A portable career is any work that you can do from wherever you are -– you don’t need to be in a specific place at a specific time to do it.
For an expat or future expat, it usually means work you can do with just your computer, an internet connection, and some expertise.
There are many kinds of work that can be made portable. If you have a specialized skill or knowledge, think about some creative ways you can offer it without being tied to an office. Computer programming can be done remotely, for example, although anything in the IT realm that involves hardware or cables probably can’t.
You could enter medical data remotely, but you have to be in the room with someone to draw blood.
You get the idea …
At Future Expats Forum, we focus on five broad categories of portable careers.
Each of these involves skills that you can learn and develop, and we also point you to resources for doing just that.
You’ll notice I’ve included teaching here. Even though most teachers need to be in their classrooms to do their jobs, one type of teaching in particular is very popular among expats.
That’s teaching English as a second language. And while it’s not as portable in the short run as the others, you can still pick up and go somewhere else at the end of your six-month or one-year contract and find a new teaching job in a new location.
Of course, within each of these main categories there are many subcategories and niches.
Here are just a few examples.
- Travel writing
- Travel blogging
- Content Marketing
- Article writing
- Social media writing
You’ll find more about writing as a portable career here.
- Travel photography
- Stock photography
- Photo blogging
There’s more information here.
Most of the coaches I know have an area of specialty. There are career coaches for real estate agents and lifestyle coaches for business executives, for example. I’m not going to list them all here. If you have a professional background and want to coach people with similar backgrounds, that’s a great place to start.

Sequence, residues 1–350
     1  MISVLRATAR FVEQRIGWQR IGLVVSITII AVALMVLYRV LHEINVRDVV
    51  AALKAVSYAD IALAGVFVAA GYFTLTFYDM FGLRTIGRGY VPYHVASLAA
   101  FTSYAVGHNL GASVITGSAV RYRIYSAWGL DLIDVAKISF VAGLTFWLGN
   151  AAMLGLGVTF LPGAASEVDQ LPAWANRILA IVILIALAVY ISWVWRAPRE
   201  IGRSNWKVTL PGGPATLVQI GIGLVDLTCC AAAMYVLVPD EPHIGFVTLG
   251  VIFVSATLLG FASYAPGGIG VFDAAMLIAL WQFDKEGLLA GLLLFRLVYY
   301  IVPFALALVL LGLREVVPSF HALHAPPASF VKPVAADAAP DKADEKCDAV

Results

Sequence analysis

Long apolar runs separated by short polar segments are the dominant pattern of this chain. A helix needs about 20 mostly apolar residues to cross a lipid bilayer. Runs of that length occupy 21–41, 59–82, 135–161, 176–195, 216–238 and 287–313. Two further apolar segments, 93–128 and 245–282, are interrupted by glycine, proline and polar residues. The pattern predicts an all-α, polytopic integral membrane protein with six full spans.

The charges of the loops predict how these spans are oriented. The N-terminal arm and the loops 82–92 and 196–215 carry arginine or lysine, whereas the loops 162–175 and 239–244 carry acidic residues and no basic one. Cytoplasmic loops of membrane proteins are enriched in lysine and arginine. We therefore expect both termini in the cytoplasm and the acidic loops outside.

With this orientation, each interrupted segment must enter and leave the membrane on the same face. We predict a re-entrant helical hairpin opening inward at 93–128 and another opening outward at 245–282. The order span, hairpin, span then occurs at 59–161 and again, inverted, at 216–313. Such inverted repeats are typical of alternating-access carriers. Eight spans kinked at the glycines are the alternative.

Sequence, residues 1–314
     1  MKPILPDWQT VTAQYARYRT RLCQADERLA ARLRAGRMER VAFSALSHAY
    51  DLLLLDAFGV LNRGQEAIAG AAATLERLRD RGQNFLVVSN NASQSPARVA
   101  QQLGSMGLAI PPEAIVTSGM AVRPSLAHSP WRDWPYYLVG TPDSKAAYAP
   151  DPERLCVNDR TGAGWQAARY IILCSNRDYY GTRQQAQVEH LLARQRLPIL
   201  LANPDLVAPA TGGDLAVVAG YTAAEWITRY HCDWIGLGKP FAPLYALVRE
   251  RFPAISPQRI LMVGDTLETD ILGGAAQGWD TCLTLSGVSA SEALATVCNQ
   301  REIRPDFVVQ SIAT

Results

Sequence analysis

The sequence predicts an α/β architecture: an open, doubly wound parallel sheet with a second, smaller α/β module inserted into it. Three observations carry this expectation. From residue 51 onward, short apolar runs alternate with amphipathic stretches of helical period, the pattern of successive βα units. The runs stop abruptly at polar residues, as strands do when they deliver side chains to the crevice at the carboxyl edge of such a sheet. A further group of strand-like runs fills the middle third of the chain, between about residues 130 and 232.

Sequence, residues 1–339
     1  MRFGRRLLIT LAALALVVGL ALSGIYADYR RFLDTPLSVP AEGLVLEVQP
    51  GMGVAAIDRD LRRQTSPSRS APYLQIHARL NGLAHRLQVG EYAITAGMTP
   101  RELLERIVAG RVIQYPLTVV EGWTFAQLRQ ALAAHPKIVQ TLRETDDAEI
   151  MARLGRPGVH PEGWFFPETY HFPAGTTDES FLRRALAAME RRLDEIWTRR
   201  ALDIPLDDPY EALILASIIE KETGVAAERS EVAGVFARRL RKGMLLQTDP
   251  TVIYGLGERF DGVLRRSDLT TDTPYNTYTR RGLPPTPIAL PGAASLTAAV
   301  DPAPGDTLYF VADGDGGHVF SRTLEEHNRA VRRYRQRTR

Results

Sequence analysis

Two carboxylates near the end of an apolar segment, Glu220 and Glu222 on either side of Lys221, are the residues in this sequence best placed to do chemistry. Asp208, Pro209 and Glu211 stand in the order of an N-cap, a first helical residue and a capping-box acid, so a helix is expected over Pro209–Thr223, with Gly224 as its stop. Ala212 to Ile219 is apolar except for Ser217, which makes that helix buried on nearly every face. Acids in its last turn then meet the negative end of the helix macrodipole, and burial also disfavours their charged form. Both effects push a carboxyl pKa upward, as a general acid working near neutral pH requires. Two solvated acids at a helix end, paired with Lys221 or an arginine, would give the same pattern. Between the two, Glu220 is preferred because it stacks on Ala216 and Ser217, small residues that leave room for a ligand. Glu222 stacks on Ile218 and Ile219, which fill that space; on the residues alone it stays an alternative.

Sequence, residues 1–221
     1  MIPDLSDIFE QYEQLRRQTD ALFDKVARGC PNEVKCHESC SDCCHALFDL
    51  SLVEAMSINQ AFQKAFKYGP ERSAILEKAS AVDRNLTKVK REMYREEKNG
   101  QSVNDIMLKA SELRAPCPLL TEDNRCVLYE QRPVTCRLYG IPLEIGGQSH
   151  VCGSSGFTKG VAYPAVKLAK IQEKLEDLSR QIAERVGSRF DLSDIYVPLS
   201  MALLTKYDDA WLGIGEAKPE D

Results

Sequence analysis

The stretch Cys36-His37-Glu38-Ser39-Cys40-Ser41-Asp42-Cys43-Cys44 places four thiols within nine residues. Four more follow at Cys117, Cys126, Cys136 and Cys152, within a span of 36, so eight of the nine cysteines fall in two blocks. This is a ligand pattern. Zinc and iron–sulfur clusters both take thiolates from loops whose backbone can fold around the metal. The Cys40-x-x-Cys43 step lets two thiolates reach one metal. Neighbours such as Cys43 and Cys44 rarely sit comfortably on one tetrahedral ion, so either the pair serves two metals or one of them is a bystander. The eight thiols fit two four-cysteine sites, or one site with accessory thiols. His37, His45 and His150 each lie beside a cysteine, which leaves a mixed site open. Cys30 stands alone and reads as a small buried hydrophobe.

There is a growing market for coaching expats.
If coaching interests you, find out more about it in a three-part series that begins here.
The website really isn’t the business – unless your business is building websites for others, of course — but it represents the business.
Once you have a business that offers a service or sells a product, you market it with a website or blog.
Even if you’re selling a physical product, you can set things up to give yourself location flexibility. You might have to hire a company to handle order fulfillment for you in your home country, but that’s a small price to pay for the freedom to work from your hammock.
I’m including blogs here, since a blog is a type of website. Getting a site up and running is easier and faster with a WordPress-powered blog.
Because blogging is so popular, I’ve written a series of basic tutorials for beginners on setting up a WordPress blog. I call it Blogging for Expats.
English as a Second Language
Many expats support themselves overseas teaching English. Depending on where you go, it can be a very nice gig. The demand is especially strong right now in Asia – especially S. Korea and China – and the Middle East.
In areas with a high demand for teachers, a job usually comes with a furnished apartment, transportation expenses paid, help with getting the proper visas, significant vacation time of a month or more each year and bonuses. In those areas, the time you need to spend in the classroom is about 20 hours/week.
You do need some specific credentials. Usually they want to see a Bachelor’s degree and certification for teaching English as a second or foreign language. Contracts normally range from six months to two years.
If you want a job where you can live in a new country, earn a living, and save money on top of it, teach in S. Korea or China.
Jobs teaching English are available throughout the globe, although they’re scarcer and not as well paid outside of the high-demand Asian and Middle Eastern markets.
Virtual or Online Teaching
More and more schools, colleges and universities around the world are offering online or distance learning. Find a job that doesn’t require you to spend any classroom time or show up for on-site meetings, and you can do it from anywhere (although you might have to be available during some strange hours because of time differences).
Individual or Small Group Skype Classes
If you have a skill you can teach, consider offering it through Skype. (I suspect this works best if you’re teaching adults, not children … ) I recently read about a guitar teacher who started offering instruction via Skype.
There are lots of courses that could be offered this way. Here are a few that I thought of:
- Needlepoint, knitting or other crafts
We talk about these kinds of issues over on The Anywhereist Podcast – give it a listen!